Duarte Conceicao
Portugal
Carcavelos
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After playing 1846 last night I left the Lisbon weekly meeting with a few questions that I’d like to address to more experienced players of this game.

Player A and Player B got the Big4 and the MS on the private draft and on the first SR opened the IC and the GT and quickly layed track with both to get bigger income earlier than Player C (NYC) and D (C&O) (who got the mail contract and the shipping company).

Therefore A and B on the SR 4 or SR 5 can’t recall properly, opened Erie and B&O and made some train rush that left them with 2 trains in 1 company and one train in other, this also left C and D with only 1 train in their companies.

The game went on with a few OR’ with the GT (who still had 50% of shares in the treasury and was cashing in around 170~200) buying the first train of phase 4 who triggered an EMT for player D in C&O.

With all players on the stock limit the game went on for 2 more set of OR’s until the bank was depleted (around 4h of total play).

The last SR was particularly painful for player C whose shares were dumped in the open market and traded for the freshly juiced C&O (7/8 train) shares with bigger appreciation and larger runs. This left player C out of the run for the first place since no one picked up NYC shares and they went one step left in the market.

Final Scores

Player A - 5963
Player B - 6016
Player C - 5873
Player D - 4197

I guess my main question regarding this game is how can a player with only one company win on 1846. In the last 2 or 3 set of OR’s players A and B had 14 paying shares against the 13 of player C and D. An extra share paying out every OR in a pretty balanced game (excluding player D) was a great advantage to player A and B. I admit I haven’t played much this game but every time I did one of the players with 2 companies won.
 
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Breno K.
Brazil
Brasília
Distrito Federal
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No time to read the details, but I've played 1846 a dozen times and have only seen a two-company player win once.
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Eric Brosius
United States
Needham Heights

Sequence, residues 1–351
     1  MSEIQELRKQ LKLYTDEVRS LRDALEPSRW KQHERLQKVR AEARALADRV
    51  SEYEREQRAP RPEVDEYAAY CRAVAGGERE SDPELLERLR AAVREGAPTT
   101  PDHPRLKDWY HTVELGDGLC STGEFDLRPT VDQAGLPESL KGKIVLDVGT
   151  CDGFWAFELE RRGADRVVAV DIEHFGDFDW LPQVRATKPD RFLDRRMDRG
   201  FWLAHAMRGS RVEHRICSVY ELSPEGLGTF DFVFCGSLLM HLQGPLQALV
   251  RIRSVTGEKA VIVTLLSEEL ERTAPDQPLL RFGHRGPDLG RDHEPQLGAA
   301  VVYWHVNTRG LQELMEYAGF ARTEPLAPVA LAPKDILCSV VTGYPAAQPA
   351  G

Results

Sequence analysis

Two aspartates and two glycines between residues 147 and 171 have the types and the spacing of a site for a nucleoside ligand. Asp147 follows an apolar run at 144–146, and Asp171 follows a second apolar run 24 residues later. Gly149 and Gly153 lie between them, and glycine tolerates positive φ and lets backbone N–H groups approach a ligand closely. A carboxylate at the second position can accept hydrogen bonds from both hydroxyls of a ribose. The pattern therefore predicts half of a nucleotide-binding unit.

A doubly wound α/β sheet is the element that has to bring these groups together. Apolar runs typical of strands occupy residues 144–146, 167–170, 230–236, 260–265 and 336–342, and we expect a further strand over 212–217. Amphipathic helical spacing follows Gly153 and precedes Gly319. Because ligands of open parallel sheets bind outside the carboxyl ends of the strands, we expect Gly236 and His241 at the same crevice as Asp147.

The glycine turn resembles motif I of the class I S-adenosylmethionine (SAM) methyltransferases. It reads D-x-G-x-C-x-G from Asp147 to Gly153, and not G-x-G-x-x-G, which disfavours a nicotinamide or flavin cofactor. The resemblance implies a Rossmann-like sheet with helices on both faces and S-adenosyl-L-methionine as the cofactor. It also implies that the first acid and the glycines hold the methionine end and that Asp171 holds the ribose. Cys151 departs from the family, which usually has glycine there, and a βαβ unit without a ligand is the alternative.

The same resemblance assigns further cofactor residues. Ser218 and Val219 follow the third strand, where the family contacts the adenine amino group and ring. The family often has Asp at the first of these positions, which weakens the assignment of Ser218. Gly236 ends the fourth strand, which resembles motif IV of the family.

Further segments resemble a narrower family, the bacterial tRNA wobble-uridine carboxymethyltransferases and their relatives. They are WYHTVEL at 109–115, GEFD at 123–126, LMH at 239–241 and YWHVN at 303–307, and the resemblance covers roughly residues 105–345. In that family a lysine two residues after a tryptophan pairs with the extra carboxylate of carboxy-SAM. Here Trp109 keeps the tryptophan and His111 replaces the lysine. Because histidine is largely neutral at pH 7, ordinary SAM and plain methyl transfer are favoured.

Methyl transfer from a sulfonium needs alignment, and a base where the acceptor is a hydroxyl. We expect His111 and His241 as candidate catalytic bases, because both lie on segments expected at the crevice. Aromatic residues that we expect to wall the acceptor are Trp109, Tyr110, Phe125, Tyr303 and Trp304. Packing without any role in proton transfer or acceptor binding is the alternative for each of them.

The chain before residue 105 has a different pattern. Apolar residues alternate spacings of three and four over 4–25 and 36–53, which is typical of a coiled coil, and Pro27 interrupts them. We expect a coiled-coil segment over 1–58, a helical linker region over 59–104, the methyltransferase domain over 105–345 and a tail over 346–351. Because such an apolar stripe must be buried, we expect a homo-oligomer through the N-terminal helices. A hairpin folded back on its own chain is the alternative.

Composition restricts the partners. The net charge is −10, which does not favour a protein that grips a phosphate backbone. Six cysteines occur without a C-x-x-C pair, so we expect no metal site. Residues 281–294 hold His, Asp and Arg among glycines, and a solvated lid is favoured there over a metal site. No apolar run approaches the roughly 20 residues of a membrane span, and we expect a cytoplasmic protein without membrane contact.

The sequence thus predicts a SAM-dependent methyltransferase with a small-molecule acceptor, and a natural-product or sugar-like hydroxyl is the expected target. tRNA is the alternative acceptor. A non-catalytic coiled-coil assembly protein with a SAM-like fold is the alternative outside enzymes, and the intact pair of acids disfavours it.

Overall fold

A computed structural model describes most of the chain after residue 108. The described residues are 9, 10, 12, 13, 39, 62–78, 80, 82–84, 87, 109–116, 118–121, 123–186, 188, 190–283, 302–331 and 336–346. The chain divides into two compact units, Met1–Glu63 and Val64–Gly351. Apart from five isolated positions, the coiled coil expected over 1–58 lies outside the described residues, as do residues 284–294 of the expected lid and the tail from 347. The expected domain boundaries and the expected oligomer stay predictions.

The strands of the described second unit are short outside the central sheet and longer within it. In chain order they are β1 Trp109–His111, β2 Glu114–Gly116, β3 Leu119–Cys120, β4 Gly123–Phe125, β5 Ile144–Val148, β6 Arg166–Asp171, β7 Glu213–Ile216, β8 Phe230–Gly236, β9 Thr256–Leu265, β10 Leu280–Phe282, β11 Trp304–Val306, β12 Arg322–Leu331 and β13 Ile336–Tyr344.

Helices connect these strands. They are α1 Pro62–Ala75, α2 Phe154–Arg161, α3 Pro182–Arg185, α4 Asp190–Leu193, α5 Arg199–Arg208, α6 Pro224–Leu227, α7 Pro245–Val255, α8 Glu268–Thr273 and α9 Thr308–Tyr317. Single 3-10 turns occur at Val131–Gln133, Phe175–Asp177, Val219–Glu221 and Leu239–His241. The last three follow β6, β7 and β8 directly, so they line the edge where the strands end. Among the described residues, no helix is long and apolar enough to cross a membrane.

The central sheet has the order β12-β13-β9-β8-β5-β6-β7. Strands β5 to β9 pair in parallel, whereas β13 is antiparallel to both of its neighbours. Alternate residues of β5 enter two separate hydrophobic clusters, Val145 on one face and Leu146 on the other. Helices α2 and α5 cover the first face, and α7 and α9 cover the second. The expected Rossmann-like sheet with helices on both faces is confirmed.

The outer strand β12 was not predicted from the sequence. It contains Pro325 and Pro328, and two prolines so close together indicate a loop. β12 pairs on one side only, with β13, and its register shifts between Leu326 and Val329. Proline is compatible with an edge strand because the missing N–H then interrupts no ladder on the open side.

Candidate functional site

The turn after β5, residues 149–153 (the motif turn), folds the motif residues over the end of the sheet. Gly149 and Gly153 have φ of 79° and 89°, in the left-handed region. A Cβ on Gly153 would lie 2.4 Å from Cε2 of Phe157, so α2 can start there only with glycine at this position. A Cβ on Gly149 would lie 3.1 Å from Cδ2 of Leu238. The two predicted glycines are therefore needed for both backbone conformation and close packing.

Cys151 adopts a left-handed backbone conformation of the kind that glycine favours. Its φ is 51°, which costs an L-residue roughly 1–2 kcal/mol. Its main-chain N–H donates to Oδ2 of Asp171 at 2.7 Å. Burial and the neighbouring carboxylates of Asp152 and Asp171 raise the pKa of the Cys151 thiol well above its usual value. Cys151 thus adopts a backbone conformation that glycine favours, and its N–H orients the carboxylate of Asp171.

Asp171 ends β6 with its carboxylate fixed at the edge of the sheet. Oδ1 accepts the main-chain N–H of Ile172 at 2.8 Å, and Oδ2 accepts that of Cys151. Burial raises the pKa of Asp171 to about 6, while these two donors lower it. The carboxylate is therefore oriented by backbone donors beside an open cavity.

Massachusetts
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My favorite 18xx game for six players is two games of 1846 with three players each.
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I have records for many 1846 games, and it's about even between running 1 company and running 2 companies.

Although I haven't updated the data in a while, I have records of 30 3-player games. In 10 of them the winner had 1 presidency, in 12 of them 2 presidencies, in 4 of them 3 presidencies, and in 4 of them either 1 or 2, I can't tell. I have records of 17 4-player games. In 8 of them the winner had 1 presidency, in 9 of them 2 presidencies, and in 2 of them 3 presidencies. I have records of 10 5-player games. In all but one, the winner had just 1 presidency.

I have to admit that I would never (well, almost never) start the C&O if I had a reasonable alternative. But (for example) the NYC can make a lot of money early in the game running multiple 2-trains (if you build Erie to Cleveland and back, you could in theory run 4 2-trains for $26 a share in OR 1.2 (or $28 a share with the Mail Contract.)

If I get the Steamship Company, I will often give serious consideration to starting the B&O. In OR 1.2 you can run two 2-trains for $19 a share ($21 a share with the Mail Contract.)

One important thing to do in 1846: The Race for the Midwest is to buy shares out of the Initial Offering in an opponent's company if it's running for big money. This gives you a share of the action and makes sure your opponent doesn't keep paying out full dividends while also funding a big train. It sounds like you didn't do that for the GT.

See also my Session Report here:

http://www.boardgamegeek.com/thread/729928/another-unique-ga...
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Chris Shaffer
United States
San Francisco
CA
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duartec wrote:
The game went on with a few OR’ with the GT (who still had 50% of shares in the treasury and was cashing in around 170~200) buying the first train of phase 4 who triggered an EMT for player D in C&O.


Eric hit it on the head. This is why Player B won. The other players should have bought all the GT shares from treasury long before this stage of the game.
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J C Lawrence
United States
Campbell
California
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More simply, this is not a game about running good companies. It is a timing game about accurately predicting which will be the best shares and buying them before-hand-- just with the kicker that buying shares makes them worse. Unlike almost all 1830-derivatives, better-shares are more important than more shares.
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Duarte Conceicao
Portugal
Carcavelos
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Thanks everyone, your feedback is truly appreciated and it help us grow as 18XX players.

I've now a better understanding of this game and how to play it properly.

Have a nice 2012!
DxC

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